‘Party Supremacy’ Is Alien To The Constitution – Ex-Senate President Slams APC

‘Party Supremacy’ Is Alien To The Constitution – Ex-Senate President Slams APC

national Assembly
National Assembly Complex, Abuja

Former president of the Nigerian senate Ken Nnamani, on Monday, July 6, 2015 told the All Progressive Congress that they can not enforce their party on the Nigerian senate.

He was speaking at Dr. Austin Uganwa book launch titled: ” Nigeria’s Fourth Republic National Assembly: Politics, Challenges and Media Perspectives”

He said it was out of place for the the party to force its supremacy on the Nigerian senate and that once Senators are elected, they become senators of the Federal Republic and that once a Senate President emerges, he becomes the senate president of the Federal Republic of Nigeria.

Former Senate President, Ken Nnamani
Former Senate President, Ken Nnamani

According to the Vanguard, Nnamani said the lawmakers, upon election are loyal to the constitution and not to the party and that it was wrong of the party leadership to fix a meeting at a time the national assembly was to convene.

He said: “When we talk about independence of the legislature, it also delve into what happened on June 9. That day, a group of people handling government decided to hold a meeting. But one would have expected that they should be the one to take the floor since we are practicing bicameral legislature, but they did not.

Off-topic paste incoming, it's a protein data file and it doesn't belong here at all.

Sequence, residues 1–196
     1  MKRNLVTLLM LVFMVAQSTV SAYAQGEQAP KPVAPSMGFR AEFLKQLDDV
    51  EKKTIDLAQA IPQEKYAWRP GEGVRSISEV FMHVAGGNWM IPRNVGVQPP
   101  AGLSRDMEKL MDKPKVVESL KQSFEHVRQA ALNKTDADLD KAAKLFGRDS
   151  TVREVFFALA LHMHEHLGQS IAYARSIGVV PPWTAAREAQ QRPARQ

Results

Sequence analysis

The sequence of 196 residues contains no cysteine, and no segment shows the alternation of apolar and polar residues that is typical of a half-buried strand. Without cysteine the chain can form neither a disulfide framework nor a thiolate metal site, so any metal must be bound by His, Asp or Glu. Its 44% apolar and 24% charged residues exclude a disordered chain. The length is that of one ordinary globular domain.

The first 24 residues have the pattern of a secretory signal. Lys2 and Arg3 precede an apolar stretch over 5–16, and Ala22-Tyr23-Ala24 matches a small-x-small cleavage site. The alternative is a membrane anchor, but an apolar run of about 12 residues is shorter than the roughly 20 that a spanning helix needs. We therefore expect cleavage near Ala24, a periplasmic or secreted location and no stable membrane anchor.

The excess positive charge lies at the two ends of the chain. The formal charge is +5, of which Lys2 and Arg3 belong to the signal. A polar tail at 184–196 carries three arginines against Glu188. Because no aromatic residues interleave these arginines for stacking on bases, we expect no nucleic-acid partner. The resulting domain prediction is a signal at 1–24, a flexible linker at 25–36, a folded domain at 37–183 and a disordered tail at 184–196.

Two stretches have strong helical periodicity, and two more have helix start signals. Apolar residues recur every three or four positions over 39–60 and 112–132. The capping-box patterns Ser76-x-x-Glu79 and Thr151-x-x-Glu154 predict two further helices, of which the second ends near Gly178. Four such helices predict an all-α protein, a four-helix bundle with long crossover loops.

“They gathered at the International Conference Centre (ICC), which is so far away from the vicinity of the National Assembly. At least, they should have been the ones to be there first, to make sure they lead their people inside. But they did not do that, and now they are paying the price for that.

“Now, today, we are grappling with the issue of party supremacy. Party is ephemeral and the legislature should stand for democratic governance for Nigerians.”

Meanwhile, the chairman of the occasion, former Speaker of the House, Hon. Ghali Umar Na’Abbah, said he was impressed Dr. Austin Uganwa captured the critical moments in the life of the National Assembly, adding that he remained committed to the independence of the legislature.

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